Gordon Pape: An Easy Way to Invest in Dividend Stocks

Stock market, investing, profit, loss, risk

A carefully constructed portfolio will provide a better return over time. Photo: AbsolutVision/Pixabay

There are two ways to invest in an income portfolio. The first is to build it yourself (or have your advisor do it), by accumulating high-quality dividend-paying securities such as BCE, Fortis, TC Energy, some REITs, and similar securities.

The second option is to pick one off the shelf, in the form of a ready-made mutual fund or ETF portfolio. There are lots from which to choose.

My experience has been that a carefully constructed portfolio will provide a better return over time. But that involves more work and is more expensive than purchasing a single fund.

If one-stop shopping is your preference, here is an ETF to consider.

Horizons Active Cdn Dividend ETF (TSX: HAL)
Recent price: $18.33
Annual payout: $0.52 (trailing 12 months)
Yield: 2.8 per cent
Risk Rating: Moderate
Website: www.horizonsetfs.com

The security: This is an actively managed ETF that invests in a portfolio of North American securities (mainly Canadian) that pay above-average dividends. Guardian Capital acts as the sub-advisor for the fund, using a proprietary model that screens stocks on the basis of dividend growth, payout ratio, and sustainability.

Why I like it: The portfolio is well-diversified. Blue-chip stocks include Royal Bank, Enbridge, TC Energy, and Brookfield Asset Management. But there are also several smaller, high-yielding companies such as Capital Power, Summit Industrial Income REIT, and Parkland Fuel Corporation.

The portfolio avoids over-concentration in any one sector and is not a mirror image of the S&P/TSX Composite by any means. Utilities are the largest sector, at 19.1 per cent, compared to 4.7 per cent for the Index. Financial Services are next at 18.5 per cent, compared to 33 per cent for the Index. Energy accounts for 14.9 per cent of the portfolio (16.2 per cent for the Index), while the Real Estate weighting is 13.7 per cent versus 3.6 per cent for the TSX.

The end result is a portfolio that is highly sensitive to interest rates.

Performance: This interest sensitivity has contributed to the fund’s recent strong performance. Although the Bank of Canada stood pat, the U.S. Federal Reserve Board cut its key rate three times this year and that pushed down commercial rates both in the States and here.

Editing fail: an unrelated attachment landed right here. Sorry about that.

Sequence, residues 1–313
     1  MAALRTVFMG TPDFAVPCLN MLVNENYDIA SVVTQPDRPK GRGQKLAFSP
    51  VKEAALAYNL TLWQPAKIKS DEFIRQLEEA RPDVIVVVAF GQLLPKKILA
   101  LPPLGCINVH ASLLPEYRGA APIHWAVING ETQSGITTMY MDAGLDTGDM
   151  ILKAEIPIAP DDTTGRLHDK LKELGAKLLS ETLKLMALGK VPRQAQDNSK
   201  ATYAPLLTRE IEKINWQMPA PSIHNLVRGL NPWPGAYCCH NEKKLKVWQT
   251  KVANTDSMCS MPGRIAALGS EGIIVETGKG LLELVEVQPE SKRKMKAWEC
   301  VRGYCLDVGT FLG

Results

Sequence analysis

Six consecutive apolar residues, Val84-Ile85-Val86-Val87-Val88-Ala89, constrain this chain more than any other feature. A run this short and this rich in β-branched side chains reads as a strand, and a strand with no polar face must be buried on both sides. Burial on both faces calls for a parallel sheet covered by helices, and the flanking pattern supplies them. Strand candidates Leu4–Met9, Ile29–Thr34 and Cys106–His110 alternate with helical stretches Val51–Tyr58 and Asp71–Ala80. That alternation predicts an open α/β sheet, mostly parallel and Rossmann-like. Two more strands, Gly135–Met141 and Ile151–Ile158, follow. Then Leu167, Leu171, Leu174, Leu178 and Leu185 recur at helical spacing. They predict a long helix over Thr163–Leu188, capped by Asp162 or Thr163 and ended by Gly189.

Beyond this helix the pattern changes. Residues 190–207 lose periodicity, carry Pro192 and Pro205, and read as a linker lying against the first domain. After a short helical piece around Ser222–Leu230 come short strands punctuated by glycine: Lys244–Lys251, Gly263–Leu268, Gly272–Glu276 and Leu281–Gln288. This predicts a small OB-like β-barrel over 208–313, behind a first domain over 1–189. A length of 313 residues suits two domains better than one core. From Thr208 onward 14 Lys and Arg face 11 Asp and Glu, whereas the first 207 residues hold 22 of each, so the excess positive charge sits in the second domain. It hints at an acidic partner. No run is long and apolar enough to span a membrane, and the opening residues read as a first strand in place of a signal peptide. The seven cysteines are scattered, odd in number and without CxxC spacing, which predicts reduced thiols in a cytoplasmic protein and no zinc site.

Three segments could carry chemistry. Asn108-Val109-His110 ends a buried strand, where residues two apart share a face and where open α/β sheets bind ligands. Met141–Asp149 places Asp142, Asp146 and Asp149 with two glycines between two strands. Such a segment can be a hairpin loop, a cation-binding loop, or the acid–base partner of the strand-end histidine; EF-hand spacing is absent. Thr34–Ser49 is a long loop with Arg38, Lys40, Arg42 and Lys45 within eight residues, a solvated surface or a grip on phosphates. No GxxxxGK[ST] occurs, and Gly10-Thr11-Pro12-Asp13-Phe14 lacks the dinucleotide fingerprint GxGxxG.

That helped to boost the performance of this ETF. The year-to-date return to Nov. 30 was 27.6 per cent, outperforming the S&P/TSX Composite. Since inception in 2010, the ETF has generated an average annual return of 9.5 per cent.

Distribution policy: Payments are made quarterly. They had been running at around $0.12 per unit until the October payment, which was just over $0.14. If that were to be maintained over the next 12 months, the yield would be about 3.1 per cent. However, to be on the conservative side, I have used the trailing 12-month distributions for the yield calculation.

Risks: The stock market. This is an all-equity portfolio, so if the market takes a hit, the value of the fund will decline. However, the defensive nature of the portfolio suggests the fund will fare better than the broad market in a downturn.

Key metrics: The fund was launched in February 2010 and has $44.5 million in assets under management. The management fee is 0.55 per cent, plus tax.

Who it’s for: This is a useful choice for investors looking for a well-managed, quality Canadian dividend portfolio.

How to buy: The fund trades on the TSX but volume is small – about 8,000 units per day over the past year. I suggest you enter a limit order and be patient.

Summing up: This is a good choice for income-oriented investors who don’t want to build their own portfolio. Ask your financial advisor if it is suitable for you.

Gordon Pape is Editor and Publisher of the Internet Wealth Builder and Income Investor newsletters. For more information and details on how to subscribe, go to www.buildingwealth.ca/subscribe